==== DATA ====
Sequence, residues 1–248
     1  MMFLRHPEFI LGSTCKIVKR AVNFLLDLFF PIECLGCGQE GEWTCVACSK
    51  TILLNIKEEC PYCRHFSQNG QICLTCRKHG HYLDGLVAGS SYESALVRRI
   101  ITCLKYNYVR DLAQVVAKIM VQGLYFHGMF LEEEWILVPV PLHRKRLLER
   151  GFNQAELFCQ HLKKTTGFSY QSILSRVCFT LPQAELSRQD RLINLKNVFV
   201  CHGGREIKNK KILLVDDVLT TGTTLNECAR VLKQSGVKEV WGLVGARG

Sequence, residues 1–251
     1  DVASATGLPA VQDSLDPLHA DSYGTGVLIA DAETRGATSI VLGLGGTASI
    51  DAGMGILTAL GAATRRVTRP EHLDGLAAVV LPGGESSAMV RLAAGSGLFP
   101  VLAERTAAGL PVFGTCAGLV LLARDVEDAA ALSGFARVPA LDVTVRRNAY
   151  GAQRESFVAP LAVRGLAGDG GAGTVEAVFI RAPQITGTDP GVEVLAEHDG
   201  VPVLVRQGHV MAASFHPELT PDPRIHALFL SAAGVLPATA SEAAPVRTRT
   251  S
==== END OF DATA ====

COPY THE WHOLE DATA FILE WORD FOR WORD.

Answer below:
Sequence, residues 1–248
     1  MMFLRHPEFI LGSTCKIVKR AVNFLLDLFF PIECLGCGQE GEWTCVACSK
    51  TILLNIKEEC PYCRHFSQNG QICLTCRKHG HYLDGLVAGS SYESALVRRI
   101  ITCLKYNYVR DLAQVVAKIM VQGLYFHGMF LEEEWILVPV PLHRKRLLER
   151  GFNQAELFCQ HLKKTTGFSY QSILSRVCFT LPQAELSRQD RLINLKNVFV
   201  CHGGREIKNK KILLVDDVLT TGTTLNECAR VLKQSGVKEV WGLVGARG

Sequence, residues 1–251
     1  DVASATGLPA VQDSLDPLHA DSYGTGVLIA DAETRGATSI VLGLGGTASI
    51  DAGMGILTAL GAATRRVTRP EHLDGLAAVV LPGGESSAMV RLAAGSGLFP
   101  VLAERTAAGL PVFGTCAGLV LLARDVEDAA ALSGFARVPA LDVTVRRNAY
   151  GAQRESFVAP LAVRGLAGDG GAGTVEAVFI RAPQITGTDP GVEVLAEHDG
   201  VPVLVRQGHV MAASFHPELT PDPRIHALFL SAAGVLPATA SEAAPVRTRT
   251  S